Archive for July, 2011

What’s a weed?

Every gardener knows that sometimes it’s hard to tell if a plant is a weed, even after you’ve identified what plant it is. Some would argue that any plant that isn’t intended or expected is a weed, but under that definition, even the tulips that sprang up this year in my new garden would be weeds, since I didn’t plant them or know that they were there. (Actually, the pink tulips right next to the red ones are ugly enough to qualify as weeds.) There are others who would take the definition further, and say that any plant that isn’t intended to be in that particular place is a weed, such as a stray lettuce head coming up between the rows.

Bluebells walk the line between weed and garden plant.

My family has always been a bit looser in our definition. My parents refer to many of the unintended plants in their garden as “volunteers”, and leave them in place or scoop them up and move them somewhere more suitable. This doesn’t mean that they don’t pull out any weeds; blackberries, bindweed, bedstraw (Galium aparine), and many other plants are not welcome in their garden. Some of their more tasty volunteers have been lavender, tomatoes, and potatoes. My parents also sometimes disagree about whether plants are weeds or volunteers, such as with nicotiana, foxglove, and california poppies.

In my own garden, I pull up lots of mint from the ground that I consider a weed, but when it comes up in a pot, I often let it stick around, since it can’t escape. I’ve even had some tiny purple pansies come up from areas where I removed the sod. I would never have thought to plant such a common and old-fashioned plant, but I think they’re quite adorable, and they get to stay. I’m currently undecided whether the golden feverfew ‘aureum’ coming up in my garden is a weed or a volunteer. I also used to throw pumpkin carving parties and toss all the pumpkin guts into my compost bin. I get a healthy collection of pumpkin volunteers every time I use my own compost. In my pumpkin patch, I let a few of them grow, but in the lettuce beds they need to be plucked out.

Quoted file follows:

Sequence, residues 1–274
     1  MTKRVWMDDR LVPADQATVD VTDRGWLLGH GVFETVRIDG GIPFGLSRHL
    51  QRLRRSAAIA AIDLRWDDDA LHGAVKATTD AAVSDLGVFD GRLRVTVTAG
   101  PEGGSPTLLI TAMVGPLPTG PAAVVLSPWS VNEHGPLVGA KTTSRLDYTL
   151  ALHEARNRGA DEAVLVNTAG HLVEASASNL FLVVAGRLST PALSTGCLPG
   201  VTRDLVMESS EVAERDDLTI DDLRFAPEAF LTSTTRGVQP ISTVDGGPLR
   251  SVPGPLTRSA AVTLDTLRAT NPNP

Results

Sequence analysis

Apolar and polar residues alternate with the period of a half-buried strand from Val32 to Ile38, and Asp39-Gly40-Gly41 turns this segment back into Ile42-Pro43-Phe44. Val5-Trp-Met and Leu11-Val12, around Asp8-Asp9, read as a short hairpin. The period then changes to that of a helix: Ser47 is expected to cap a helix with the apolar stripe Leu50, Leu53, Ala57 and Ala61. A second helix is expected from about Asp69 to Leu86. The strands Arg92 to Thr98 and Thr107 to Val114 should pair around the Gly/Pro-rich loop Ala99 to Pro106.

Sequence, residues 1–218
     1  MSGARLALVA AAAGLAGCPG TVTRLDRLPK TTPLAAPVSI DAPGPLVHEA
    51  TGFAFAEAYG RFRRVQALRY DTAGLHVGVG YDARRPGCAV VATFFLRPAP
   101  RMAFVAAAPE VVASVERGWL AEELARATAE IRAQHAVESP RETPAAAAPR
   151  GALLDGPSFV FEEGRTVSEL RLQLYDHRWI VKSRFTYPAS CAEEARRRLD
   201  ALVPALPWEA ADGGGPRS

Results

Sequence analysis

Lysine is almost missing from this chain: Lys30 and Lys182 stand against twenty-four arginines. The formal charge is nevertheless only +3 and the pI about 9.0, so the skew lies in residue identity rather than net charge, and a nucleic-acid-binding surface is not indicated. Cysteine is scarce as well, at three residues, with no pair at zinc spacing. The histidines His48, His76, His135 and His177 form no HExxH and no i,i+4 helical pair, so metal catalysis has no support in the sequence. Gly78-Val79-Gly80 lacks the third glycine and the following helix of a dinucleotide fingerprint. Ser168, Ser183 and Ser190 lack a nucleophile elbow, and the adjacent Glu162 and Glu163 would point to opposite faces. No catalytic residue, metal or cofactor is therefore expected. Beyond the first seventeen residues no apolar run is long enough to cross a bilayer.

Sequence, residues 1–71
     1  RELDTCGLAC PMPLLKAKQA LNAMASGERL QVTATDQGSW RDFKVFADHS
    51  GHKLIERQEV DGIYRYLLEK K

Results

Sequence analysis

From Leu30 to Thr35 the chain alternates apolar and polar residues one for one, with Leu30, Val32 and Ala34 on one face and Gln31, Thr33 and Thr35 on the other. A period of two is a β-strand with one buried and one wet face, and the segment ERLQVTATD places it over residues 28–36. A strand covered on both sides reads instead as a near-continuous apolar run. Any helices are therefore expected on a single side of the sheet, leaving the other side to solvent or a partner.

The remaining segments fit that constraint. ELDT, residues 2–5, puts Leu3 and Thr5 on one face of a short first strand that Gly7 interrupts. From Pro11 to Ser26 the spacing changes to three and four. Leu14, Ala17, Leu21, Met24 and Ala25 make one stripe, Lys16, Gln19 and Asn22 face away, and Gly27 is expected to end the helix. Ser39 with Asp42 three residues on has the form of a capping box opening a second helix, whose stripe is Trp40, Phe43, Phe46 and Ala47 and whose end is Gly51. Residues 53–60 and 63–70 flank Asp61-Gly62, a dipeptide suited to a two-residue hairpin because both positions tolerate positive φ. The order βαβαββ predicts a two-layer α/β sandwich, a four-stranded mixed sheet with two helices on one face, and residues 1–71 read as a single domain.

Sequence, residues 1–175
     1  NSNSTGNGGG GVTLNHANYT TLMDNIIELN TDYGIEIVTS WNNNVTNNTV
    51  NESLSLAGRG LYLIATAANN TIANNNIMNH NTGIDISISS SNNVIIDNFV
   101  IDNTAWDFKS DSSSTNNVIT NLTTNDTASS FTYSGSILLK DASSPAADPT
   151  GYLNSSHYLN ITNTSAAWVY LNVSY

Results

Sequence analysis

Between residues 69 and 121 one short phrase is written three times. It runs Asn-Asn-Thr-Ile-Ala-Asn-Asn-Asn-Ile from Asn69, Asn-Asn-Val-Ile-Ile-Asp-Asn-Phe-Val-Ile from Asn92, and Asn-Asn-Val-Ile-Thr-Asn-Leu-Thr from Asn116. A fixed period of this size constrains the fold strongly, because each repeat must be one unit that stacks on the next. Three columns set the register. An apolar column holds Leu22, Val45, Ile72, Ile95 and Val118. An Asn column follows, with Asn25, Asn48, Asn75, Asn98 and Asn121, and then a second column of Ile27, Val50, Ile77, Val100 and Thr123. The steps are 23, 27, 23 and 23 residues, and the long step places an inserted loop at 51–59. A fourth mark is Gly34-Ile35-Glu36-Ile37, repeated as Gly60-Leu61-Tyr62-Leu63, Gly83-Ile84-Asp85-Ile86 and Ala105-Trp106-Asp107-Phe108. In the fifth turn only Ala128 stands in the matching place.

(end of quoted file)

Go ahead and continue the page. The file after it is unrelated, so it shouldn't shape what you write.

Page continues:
Pumpkin seedlings are weeds, unless they're in the pumpkin patch.

Some other unexpected plants are so pretty that I let them get old enough to flower, so I can identify them as horrible thugs that must go, or as pretty volunteers. This isn’t always a good idea, though- I had a roommate who thought the white trumpet flowers of bindweed were pretty, so he let it grow for most of a summer, before noticing that it was strangling his roses.

What plants do you consider to be “volunteers”?


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As crazy as it sounds, near 4th of July is when gardeners start planting their winter crops. If the timing seems odd, think of it this way; the longest day of the year in the Northern hemisphere is June 21st. Since most plants get their energy from sunlight (plants get only water and trace nutrients such as iron from soil, except in special circumstances), the weeks right before and after summer solstice is like an all-you-can-eat buffet for plants. Also, the length of daylight doesn’t change linearly each day, which means that each day isn’t just 2 minutes shorter. Near solstice the length of daylight barely changes each day, but near equinox it changes by several minutes each day.

Also, as we move away from the summer solstice, the angle of the sun becomes less direct, which means that plants are getting even less useable light- just like how you are unlikely to get a sunburn late in the day or at a Seattle beach in November (as long as there isn’t snow), even if you’re lounging scantily clad in full sun. August may seem like the most summery time of year in Seattle, but by late August, plants are getting quite two and a half less hours of daylight than in June. (Of course, if it rains all of June, and there are clear skies during August, that skews things a bit.) This all means that if plants miss out on June or July, they miss out on the time when they can gobble up the energy they’ll need for the winter. Crops that are harvested in winter, or overwinter to be harvested in spring, take much longer to mature than their summer cousins, because they grow so slowly during short days and weak light.

Here’s what I’ll be growing this winter (all available from Territorial Seed Company):

  • Merida Carrots & Autumn King Carrots
  • Purple Sprouting Broccoli & Purple Cape Cauliflower
  • Avalanche Snow Peas
  • Arctic King Butterhead Lettuce, Miner’s Lettuce, & Vit (Mache)
  • Ching-Chiang Pac Choi, Giant Winter Spinach, & Fordhook Giant Swiss Chard

If anyone has experience growing these varieties, or general tips for winter gardening, I’d love to hear about it!

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